Since independence from the Belgian administration in 1961, Burundi has experienced several major periods of ethnic turmoil and violence. As mentioned previously in the introduction, Burundi's most recent period of conflict began in October of 1993 with the assassination of the first democratically elected Hutu President in Burundi's history. During this most recent period of conflict, there have been upwards of 160,000 deaths with perhaps as many as 1,600,000 people dislocated from their homes.

In 1991, a period of violence claimed between 4,000-6000 lives. There were over 5,000 Burundians killed by ethnic violence in 1988, and in 1972 over 100,000 Burundians were killed by their fellow countrymen in one of the most gruesome massacres in African history. In 1965 a wave of killing took the lives of approximately 5,000 Burundians. Charts 8 and 9 depict very conservative estimates of the number of those killed and the number of those forced from the country due to violence since 1961.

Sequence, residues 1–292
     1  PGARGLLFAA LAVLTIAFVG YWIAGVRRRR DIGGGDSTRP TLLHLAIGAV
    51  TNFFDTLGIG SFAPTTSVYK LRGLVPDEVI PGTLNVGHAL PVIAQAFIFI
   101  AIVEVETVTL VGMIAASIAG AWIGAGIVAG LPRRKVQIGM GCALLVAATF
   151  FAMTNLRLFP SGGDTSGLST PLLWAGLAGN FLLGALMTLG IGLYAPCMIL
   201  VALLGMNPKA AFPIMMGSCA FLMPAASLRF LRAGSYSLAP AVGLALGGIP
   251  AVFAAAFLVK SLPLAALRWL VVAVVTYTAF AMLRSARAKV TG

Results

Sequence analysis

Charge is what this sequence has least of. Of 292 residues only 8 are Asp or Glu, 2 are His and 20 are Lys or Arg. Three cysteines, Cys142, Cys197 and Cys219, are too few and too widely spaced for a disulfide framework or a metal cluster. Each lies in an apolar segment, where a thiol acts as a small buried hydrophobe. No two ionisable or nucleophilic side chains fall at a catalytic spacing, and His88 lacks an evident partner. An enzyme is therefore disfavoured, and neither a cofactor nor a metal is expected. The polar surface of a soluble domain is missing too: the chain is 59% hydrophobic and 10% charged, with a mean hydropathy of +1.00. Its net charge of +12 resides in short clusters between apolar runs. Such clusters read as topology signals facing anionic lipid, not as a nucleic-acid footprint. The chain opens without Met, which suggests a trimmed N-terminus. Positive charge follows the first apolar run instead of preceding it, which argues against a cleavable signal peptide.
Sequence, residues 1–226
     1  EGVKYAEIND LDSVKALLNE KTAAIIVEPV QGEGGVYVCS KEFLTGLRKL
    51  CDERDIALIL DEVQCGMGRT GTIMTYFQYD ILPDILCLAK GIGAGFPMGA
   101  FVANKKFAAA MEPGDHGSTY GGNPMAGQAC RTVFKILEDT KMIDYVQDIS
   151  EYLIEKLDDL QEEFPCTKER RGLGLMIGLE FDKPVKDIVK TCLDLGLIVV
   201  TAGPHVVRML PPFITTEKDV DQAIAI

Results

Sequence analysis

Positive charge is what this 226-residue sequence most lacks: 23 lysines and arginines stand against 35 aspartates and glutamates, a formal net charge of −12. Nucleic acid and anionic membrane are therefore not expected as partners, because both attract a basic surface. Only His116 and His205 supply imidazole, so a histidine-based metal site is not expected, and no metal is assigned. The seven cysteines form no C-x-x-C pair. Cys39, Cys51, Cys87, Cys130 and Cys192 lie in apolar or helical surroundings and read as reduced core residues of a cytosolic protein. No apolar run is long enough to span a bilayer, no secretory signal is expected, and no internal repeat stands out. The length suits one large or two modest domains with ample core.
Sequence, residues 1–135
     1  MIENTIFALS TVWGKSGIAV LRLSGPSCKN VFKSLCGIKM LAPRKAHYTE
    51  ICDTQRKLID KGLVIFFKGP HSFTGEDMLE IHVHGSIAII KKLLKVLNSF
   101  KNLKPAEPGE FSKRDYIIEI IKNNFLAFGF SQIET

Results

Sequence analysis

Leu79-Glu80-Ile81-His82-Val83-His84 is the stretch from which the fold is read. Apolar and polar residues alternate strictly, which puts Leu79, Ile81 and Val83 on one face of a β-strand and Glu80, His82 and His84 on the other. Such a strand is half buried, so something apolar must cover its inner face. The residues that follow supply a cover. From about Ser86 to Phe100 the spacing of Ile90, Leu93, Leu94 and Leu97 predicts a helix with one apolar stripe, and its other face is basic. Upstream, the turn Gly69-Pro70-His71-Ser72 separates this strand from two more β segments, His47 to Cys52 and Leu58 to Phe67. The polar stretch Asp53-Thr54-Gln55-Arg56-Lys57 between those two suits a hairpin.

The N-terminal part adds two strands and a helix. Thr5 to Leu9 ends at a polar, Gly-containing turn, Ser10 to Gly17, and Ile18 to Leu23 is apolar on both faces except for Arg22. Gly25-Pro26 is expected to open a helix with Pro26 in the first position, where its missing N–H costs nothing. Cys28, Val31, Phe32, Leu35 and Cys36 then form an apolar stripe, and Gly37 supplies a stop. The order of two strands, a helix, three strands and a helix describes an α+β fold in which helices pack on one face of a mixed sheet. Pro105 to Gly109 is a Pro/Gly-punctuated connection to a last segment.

The conflict in Burundi today is explained as a simple conflict for power between Hutu and Tutsi, but it cannot be understood completely without also considering intra-group rivalry between the ruling Tutsi elite. Each of the aforementioned outbreaks of violence involved to some degree a grappling for power of the state amongst different factions of the ruling Tutsi classes. Each wave of violence, too, is necessarily connected intimately with the ones preceding it. Indeed, violence and the memory of violence permeates the political consciousness and the meaning of ethnicity for all Burundians. One must also consider the history of Rwanda to understand Burundi. Due to cultural and historical similarities, the political situation and crises in Rwanda have always had a profound effect on subsequent events in neighboring Burundi.